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Low unemployment key driver of commercial real estate security

By Kyle Robbins
06 September 2022 | 1 minute read
Mathew Tiller reb

Mathew Tiller, LJ Hooker Group’s head of research, has offered his predictions for the sector’s future.

In what he describes as a challenging market, accentuated by rising interest rates and living costs and supply chain issues, 

He believes the 3.5 per cent unemployment rate reported by the Australian Bureau of Statistics for June — the lowest in almost 50 years — is a key factor making commercial real estate ripe for investors. 

This number is a major decline on the 7.5 per cent reported at the pandemic’s peak and paired with underemployment sitting at 5.7 per cent in May, means that 385,800 more people are employed now than in May 2021, highlighting the strength of Australia’s post-pandemic economic recovery.

“Commercial real estate has been a beneficiary of improved employment figures,” Mr Tiller affirmed.

“For retail property owners, greater job security and the end to COVID-19 lockdowns has supported the recovery in spending. The ability for people to shop, dine, and travel without restrictions has assisted leasing and re-leasing of small suburban shops and through to larger regional shopping centres.”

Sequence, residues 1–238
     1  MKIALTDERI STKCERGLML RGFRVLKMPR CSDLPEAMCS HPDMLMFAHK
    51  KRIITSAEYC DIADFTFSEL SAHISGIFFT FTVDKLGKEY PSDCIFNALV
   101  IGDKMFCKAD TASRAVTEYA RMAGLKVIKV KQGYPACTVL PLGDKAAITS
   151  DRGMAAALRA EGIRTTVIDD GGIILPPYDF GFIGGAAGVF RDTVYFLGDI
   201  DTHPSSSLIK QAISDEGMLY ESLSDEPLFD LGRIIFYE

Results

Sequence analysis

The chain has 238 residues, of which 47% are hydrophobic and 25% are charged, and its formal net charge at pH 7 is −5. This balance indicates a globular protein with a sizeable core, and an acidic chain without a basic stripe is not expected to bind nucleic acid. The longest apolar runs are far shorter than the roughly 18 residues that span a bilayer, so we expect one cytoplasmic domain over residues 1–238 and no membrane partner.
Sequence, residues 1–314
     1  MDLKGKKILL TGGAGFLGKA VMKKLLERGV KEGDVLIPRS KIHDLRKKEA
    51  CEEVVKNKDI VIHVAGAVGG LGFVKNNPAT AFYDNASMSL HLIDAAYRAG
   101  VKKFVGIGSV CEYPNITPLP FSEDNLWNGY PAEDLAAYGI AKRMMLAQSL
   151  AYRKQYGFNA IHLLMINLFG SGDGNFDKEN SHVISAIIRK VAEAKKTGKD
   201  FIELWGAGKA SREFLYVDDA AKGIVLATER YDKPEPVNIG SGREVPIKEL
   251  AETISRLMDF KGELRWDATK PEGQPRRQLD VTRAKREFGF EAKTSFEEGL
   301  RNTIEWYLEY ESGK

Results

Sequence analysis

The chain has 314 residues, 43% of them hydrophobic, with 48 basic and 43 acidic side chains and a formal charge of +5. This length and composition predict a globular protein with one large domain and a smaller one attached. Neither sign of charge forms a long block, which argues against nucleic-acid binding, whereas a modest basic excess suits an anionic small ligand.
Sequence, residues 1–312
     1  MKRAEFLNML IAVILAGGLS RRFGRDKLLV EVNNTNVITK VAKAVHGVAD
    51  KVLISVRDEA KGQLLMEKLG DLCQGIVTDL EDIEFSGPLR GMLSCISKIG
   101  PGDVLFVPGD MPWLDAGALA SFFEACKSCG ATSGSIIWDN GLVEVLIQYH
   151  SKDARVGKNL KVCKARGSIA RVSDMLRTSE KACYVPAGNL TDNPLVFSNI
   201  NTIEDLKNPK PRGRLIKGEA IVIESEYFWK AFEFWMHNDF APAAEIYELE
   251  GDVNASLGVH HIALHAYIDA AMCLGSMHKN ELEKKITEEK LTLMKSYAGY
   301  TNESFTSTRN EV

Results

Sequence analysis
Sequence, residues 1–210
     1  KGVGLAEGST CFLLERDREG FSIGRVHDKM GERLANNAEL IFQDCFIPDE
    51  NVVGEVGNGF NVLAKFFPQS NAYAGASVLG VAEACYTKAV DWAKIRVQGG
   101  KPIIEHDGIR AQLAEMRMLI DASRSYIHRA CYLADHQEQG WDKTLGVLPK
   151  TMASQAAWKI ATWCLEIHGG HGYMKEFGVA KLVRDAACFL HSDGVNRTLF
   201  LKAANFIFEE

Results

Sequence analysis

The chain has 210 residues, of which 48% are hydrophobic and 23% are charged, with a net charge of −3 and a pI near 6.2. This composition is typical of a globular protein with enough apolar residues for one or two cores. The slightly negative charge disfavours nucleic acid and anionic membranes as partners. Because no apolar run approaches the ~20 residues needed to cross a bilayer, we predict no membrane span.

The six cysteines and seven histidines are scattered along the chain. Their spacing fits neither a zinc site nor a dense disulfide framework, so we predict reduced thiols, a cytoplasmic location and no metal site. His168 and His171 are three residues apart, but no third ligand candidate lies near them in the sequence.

Moreover, the return to the office — highlighted by office occupancy rates falling amidst employers pushing for the increased productivity that arises from working with a centralised location — is another factor that entices investors to the commercial sector, as more employed people result in more uptake of office space.

On the flip side, tight labour markets have increased the difficulty for businesses to hire new employees and match the additional demand. Moreover, the additional household spending has placed upward pressure on inflation, which the RBA has consistently been curbing with cash rate rises since May.

Furthermore, the reopening of international borders has spurred population growth, subsequently benefiting student accommodation, as well as hotels, resorts, and leisure assets, further boosting the commercial sector.

Despite the positivity in the air, Mr Tiller did address the fact that challenges will remain for the sector — with inflation remaining the most pertinent threat as central banks globally “aggressively increase interest rates and tighten their monetary policy positions”.

“This has had a knock-on effect to government bonds which have seen yields rise considerably since the beginnings of this tightening cycle. This is important: large institutional investors use government bonds as a benchmark when investing in commercial real estate assets, and the strong growth in government bonds yields may reduce demand from these investors.”

Mr Tiller outlined that “retail rents remain flat but some sought-after areas are improving. Neighbourhood shopping centres and other suburban retailers have benefited from the ‘work from home’ movement and vacancies in these areas tightened.”

He concluded that “office rents have yet to see any major change but rising occupancy levels are expected to see this shift over the course of the next 12-months”.

Low unemployment key driver of commercial real estate security
Mathew Tiller reb
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